Speaking of drama free, Yasmin might have largely interacted with Mark Addy's Paltraki and helped the Doctor with the stolen planets/getting the Ux to see reason but she still felt like something of a spare part in this episode. Given that all of the main cast are coming back for next series (which I have mixed feelings on tbh), I really do hope Yasmin is afforded a bit more character development.

As for the Doctor - she had some moments discussing the ever changing rules with her companions, there was a threat of her and Graham falling out and she met with an old enemy but all of that lacked a certain punch. I've really enjoyed Jodie's take on the Doctor but it feels like Chibnall really needs to challenge her Doctor at this point and put her against a certain threat. After this episode, I have no desire to see Tzim-Sha ever again and yet, I get the feeling he'll appear once again before Chibnall and Whittaker exit the series.

- Series 12 won't air until early 2020 but we do have the New Year's Day special, titled Resolution to somewhat tide us over until then.
- Nice references to Boom Town and The Stolen Earth/Journey's End in this episode.
- Not to sound old and grumpy but can we please stop having the Doctor refer to her companions as "fam"? It doesn't work at all.
- We also got the Sniper Bots from The Ghost Monument in this one as well, not that they were of much consequence.
- I did like seeing Ryan admit how much he actually cares for Graham. I do think their scenes were some of the strongest in this episode.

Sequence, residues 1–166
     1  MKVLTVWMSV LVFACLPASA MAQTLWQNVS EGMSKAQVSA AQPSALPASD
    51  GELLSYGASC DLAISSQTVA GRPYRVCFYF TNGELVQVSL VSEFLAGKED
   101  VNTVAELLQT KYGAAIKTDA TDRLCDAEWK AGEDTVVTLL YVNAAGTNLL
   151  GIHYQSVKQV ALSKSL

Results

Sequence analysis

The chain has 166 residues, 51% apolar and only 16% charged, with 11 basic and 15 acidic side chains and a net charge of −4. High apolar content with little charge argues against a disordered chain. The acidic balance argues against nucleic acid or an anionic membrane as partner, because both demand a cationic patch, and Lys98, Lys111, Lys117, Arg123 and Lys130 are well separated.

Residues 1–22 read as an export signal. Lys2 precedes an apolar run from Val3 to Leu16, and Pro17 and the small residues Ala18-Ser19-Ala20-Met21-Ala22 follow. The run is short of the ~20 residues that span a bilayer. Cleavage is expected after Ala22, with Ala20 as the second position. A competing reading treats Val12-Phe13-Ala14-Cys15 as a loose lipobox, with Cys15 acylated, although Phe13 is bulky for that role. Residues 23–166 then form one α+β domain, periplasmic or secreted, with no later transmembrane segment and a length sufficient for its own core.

- Chronology: It's been 3407 years since Tzim-Sha last encountered the Doctor. Not that he's been counting or anything.

This didn't feel like a finale. I mean we did have a returning baddie and a threat to the Earth, but even with all of that, The Battle Of Ranskoor Av Kolos felt very much like an average mid-series episode and ultimately felt like an underwhelming way to end Jodie Whittaker's first year as the Doctor. With the gaps between this series and the next one, I really do hope Chibnall steps out of his comfort zone and ups the ante next time because he's going to need to.

Rating: 6 out of 10

Thursday, December 06, 2018

My Review of Legends Of Tomorrow's 4x07: "Hell No, Dolly!"

Written by Grainne Godfree & Morgan Faust
Directed by April Mullen

Constantine: "You should go."
Desmond: "Yeah, you're right, I should but this thing between us? This was real, Johnny."

Wait, haven't we seen this before with John Constantine? He meets a cute guy, they fall in love, there's a horrible demon out with a score to settle and cute guy becomes a casualty and winds up in hell, leaving Johnny feeling rather guilty and willing to do something reckless. Yup, we have but not onscreen until now.

The cute guy in question happens to be Desmond Laveau (Christian Keyes) and the man that we've seen in visions at least twice this season and as importantly, one of Desmond's ancestors happened to be Marie Laveau (Joyce Guy), who thanks to another screw up was apparently framed as a serial killer due to a Dybbuk (Paul Reubens) running amok in 19th century New Orleans.

Now, New Orleans isn't new for Constantine even without the baggage of Desmond. We saw him go there at least twice in his own short lived show and here, he was kidnapped by Marie's henchmen before she forced his hand into saving her kin while the rest of the gang (and Ava) looked out for a serial killer in a doll's body.